If you are a critic of COVID-19 lockdowns, here are some numbers you will like. I also have some numbers you will not like as much, which I will get to in a minute.
According to a model by researchers at the University of Utah, the “real-time reproductive number” for the COVID-19 virus—the number of people infected by the average carrier—has fallen in Florida since the state began loosening its restrictions on businesses and individuals, from 0.98 on April 30 to 0.5 on May 26.
When the reproductive number falls below one, that indicates an epidemic is waning. The daily number of new cases can be expected to decline, and eventually so will the total number of active cases as previously infected people recover.
In Texas and Georgia, two other states with big populations that lifted their lockdowns on April 30, the pattern in the University of Utah model is initially similar but less encouraging in the last few days. In Texas, the model shows the real-time reproductive number falling from 1.13 on April 30 to 0.79 on May 22 and 23 before climbing to 1.32 on May 26. In Georgia, the number drops from 0.96 on April 30 to 0.78 on May 24, then rises to 1.01 as of May 26.
If you are a lockdown supporter, here are some numbers you will like better. According to a different model, this one produced by the independent data scientist Youyang Gu, the reproductive number in Florida rose from 0.96 on April 30 to 1.07 on May 26. Gu’s model also shows the number rising in Texas (from 1.01 to 1.07) and Georgia (from 1.03 to 1.07) during that period.
Feel free to pick the numbers that reinforce your preexisting beliefs. If you want to support the view that lockdowns are overrated as a way to reduce transmission of the COVID-19 virus, the University of Utah model is for you. If you want to support the view that lifting lockdowns is reckless, Gu is your man.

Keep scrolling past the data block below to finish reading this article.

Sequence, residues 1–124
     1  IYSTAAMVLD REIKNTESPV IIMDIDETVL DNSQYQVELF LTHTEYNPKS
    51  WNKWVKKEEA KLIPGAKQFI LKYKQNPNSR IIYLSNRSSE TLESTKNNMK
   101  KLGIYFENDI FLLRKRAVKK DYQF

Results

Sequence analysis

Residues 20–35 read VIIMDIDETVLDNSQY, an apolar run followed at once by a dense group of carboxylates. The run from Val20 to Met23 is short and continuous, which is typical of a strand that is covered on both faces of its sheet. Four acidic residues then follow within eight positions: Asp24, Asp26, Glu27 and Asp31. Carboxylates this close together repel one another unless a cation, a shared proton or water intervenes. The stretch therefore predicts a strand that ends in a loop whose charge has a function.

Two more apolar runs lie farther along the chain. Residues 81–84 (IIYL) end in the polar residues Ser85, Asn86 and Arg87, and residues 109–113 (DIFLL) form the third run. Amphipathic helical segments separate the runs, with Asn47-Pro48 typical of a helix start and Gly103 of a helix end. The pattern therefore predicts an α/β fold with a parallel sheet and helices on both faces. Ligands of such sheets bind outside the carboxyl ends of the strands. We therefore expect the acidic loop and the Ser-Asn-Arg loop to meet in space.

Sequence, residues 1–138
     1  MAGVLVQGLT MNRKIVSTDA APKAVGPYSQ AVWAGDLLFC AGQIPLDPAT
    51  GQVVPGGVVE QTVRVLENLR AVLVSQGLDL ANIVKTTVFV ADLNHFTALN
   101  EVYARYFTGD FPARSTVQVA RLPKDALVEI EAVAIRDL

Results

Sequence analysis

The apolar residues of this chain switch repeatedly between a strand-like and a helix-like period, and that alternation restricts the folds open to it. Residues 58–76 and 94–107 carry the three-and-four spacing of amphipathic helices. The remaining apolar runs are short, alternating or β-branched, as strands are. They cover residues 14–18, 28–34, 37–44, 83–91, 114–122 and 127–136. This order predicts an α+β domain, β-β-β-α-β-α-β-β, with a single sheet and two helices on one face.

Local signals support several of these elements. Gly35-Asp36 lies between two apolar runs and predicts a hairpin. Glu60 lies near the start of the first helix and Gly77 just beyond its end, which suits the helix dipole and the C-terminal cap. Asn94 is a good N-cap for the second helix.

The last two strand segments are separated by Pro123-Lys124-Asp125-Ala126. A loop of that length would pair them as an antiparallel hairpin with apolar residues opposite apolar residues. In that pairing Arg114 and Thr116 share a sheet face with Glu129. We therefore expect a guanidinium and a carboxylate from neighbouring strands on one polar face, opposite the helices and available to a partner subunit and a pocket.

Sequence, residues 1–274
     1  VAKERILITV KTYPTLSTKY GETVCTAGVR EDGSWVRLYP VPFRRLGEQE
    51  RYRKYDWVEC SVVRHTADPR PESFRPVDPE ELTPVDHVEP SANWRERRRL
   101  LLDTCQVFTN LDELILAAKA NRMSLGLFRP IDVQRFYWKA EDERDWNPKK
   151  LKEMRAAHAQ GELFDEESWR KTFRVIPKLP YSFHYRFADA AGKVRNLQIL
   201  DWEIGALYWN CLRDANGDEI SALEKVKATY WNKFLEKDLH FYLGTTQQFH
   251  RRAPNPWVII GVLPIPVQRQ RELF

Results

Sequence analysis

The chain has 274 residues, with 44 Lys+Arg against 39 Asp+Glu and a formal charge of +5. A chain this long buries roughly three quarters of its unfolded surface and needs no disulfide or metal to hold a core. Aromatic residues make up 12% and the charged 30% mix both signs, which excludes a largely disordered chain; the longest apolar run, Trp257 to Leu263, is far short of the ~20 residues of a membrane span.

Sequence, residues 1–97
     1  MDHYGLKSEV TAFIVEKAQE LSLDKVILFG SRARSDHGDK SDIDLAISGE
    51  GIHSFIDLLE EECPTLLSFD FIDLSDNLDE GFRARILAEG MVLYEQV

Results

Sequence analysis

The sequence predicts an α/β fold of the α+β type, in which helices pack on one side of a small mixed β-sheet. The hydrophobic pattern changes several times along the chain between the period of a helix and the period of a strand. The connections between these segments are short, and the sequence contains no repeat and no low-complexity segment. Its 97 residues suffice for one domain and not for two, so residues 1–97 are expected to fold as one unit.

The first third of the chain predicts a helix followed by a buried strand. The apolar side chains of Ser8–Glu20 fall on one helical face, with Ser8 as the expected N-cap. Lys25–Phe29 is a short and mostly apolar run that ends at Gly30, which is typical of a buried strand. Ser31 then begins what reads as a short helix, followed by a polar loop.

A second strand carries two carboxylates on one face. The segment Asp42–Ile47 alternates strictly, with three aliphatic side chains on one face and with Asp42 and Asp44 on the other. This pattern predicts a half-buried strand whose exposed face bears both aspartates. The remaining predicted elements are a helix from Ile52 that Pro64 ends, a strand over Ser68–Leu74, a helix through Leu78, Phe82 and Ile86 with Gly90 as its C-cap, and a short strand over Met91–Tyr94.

Who is right? I don’t know, but so far the Gu model has been remarkably accurate in predicting COVID-19 deaths, and the reproductive number figures into those projections.
The University of Utah model uses “a collated time series of daily state-wise positive
case counts from the COVID Tracking Project.” The researchers calculate the reproductive number “using two complementary methods”: the Wallinga and Teunis method, “which is forward-looking,” and the Cori method, “which is backward-looking.” The Gu model “builds machine learning techniques on top of a classic infectious disease model” known as SEIR, which starts by dividing the population into four groups: susceptible, exposed, infectious, and recovered.
As my colleague Ron Bailey has noted, the Gu model’s projections “are considerably less optimistic” than the projections from other widely cited models. Historically, Gu notes, his model’s COVID-19 death projections have matched the actual fatalities counted by the Johns Hopkins Coronavirus Resource Center much better than the model used by the University of Washington’s Institute for Health Metrics and Evaluation (IHME). On May 2, for instance, the Gu model predicted 101,950 deaths in the United States by today, compared to the IHME projection (since revised) of 71,918. The current Johns Hopkins tally is 100,415.
The Gu model predicted that the death toll would reach 100,000 by May 25, and that happened just a couple of days later. It is now projecting more than 200,000 deaths by August 28. A projection by the U.S. Centers for Disease Control and Prevention, leaked to the press early this month, predicted that mark would be reached by June 1, which thankfully has proven to be excessively pessimistic. But if history is any guide, the IHME projections err in the opposite direction. They currently go only as far as August 4, when the predicted death toll is about 132,000, compared to more than 173,000 in the Gu model.
Since the Gu model’s death projections incorporate its estimate of the reproductive number, it seems to have a pretty good handle on the latter, which suggests it is closer to the mark than the University of Utah model. Nationally, the Gu model shows the reproductive number falling from 2.26 on February 5 to a low of 0.91 on April 11, then beginning to rise on April 28 and reaching 1.02 today. The University of Utah model puts the national average at 2.66 on March 20, falling more or less steadily to 0.8 on May 24 and 25 before rising slightly to 0.85 as of May 26.
While I would prefer to believe the more optimistic scenario, the Gu model’s historical performance makes a compelling case for (relative) pessimism. Furthermore, it is plausible that lockdowns had some impact on virus transmission and that lifting them would boost the reproductive number. Whether that means they were worth their enormous economic cost is another question, especially since many of the COVID-19 deaths they ostensibly prevented may simply have been delayed.